CE: What have you released so far?

AW: I have released five videos to date: Filter (released and deleted 2006/09/15), Transient (released and deleted 2007/09/15), Emphasis (released and deleted 2008/03/16), 080808 (released and deleted 2008/08/08), and A N O N Y M U S (released and deleted 2009/04/21). I am currently working on my sixth release, 090909. This video will be released on September 9th, 2009 and it will be 9 hours, 9 minutes, and 9 seconds long.

CE: Where do you plan to release it?

AW: I’m not sure yet. When I release work as a BitTorrent there is a torrent file that remains. So perhaps I will release it using a different file sharing protocol. Other than that, I am thinking about finding a gallery that will screen the full piece once, live. Directly after the screening the files and original copies will be deleted; like a performance.

CE: This performance-presentation would fit nicely with the ephemeral nature of the project. Nothing would remain but a memory of an event. Once a video disappears, how do you feel about the potential mythology that will be created around the work?

AW: It’s interesting. A friend of mine who lives in a really small town overheard a conversation his neighbor was having with a visitor from England. The neighbor was telling the visitor about an artist that made feature-length films, which he deleted (destroyed) after sharing a copy of them online. The interesting thing is that his neighbor only uses the Internet for paying his bills, and probably is unaware of how file sharing actually works.

CE: That is wonderful antidote. As a Manitoban, I am naturally hungry for mythologies.

CONVERSATION #2

CE: Where were your other ephemeral p2p videos originally released?

AW: Pirate Bay and Emule.

CE: Do you personally know any of the people who first download your work?

AW: Not at all.

CE: I have seen four of the five p2p-art projects; however, I haven’t been able to track down a copy of 080808.

AW: The 080808 video survived for only three days after its release. It is now gone forever. From my point of view, it was the first time that the project really worked. My first p2p video, Filter, can still found on file sharing networks. Even though this is amazing on the one hand, it wasn’t intended to still be available three years later.

CE: In other words, you feel 080808 captured the true ephemeral nature of the larger conceptual project. With that being said, would you be disappointed if it re-surfaced?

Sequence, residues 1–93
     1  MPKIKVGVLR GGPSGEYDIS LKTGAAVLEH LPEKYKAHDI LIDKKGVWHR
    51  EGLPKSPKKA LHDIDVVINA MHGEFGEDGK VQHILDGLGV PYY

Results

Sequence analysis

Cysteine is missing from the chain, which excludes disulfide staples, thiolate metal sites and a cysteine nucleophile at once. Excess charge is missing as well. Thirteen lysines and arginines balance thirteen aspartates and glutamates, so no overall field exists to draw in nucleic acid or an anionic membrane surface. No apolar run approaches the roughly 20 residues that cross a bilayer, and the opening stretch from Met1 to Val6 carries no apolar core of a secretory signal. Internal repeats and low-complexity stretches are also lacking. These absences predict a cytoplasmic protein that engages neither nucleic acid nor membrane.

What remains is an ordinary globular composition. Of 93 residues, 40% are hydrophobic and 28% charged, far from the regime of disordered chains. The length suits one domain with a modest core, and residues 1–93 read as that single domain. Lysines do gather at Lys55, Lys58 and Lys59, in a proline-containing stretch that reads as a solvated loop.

AW: To put it simply, yes. However, an important aspect is that I delete the original materials. This means all that ever can resurface is a digital copy (XviD encoded file) and this doesn’t bother me at all. Others have the criticized the project by claiming that the artwork never disappears if someone has downloaded it and saved it on some external media. However, that is only a copy. The “original” or “master” disappears once I delete it.

CE: I have a similar critique and I am hoping we both can expand on it and dissect it a little. To put it in the form of a question: What does “original” mean to you in relation to the video medium? What constitutes an “original” is obvious when we’re referring to a painting: I’m sure we can agree that the original is the canvas the painter first made the painting on. Prints are considered copies of the original and are just that, copies. You seem to infer that once you encode your original lossless video file using XviD, or any other codec, and delete the lossless version, you have deleted the original; after all, all that is left is the XviD version. According to this definition, it seems that videomakers destroy their “originals” all the time. For instance, being a video artist who has (until early 2009) worked exclusively on a Pentium 1 computer with a 20 gigabyte hard drive, I destroyed my original lossless files all the time due to lack of disk space. That being said, I would feel uncomfortable if the only available copy of my work existed via a p2p network. Can you expand on what “original” means to you, in terms of video?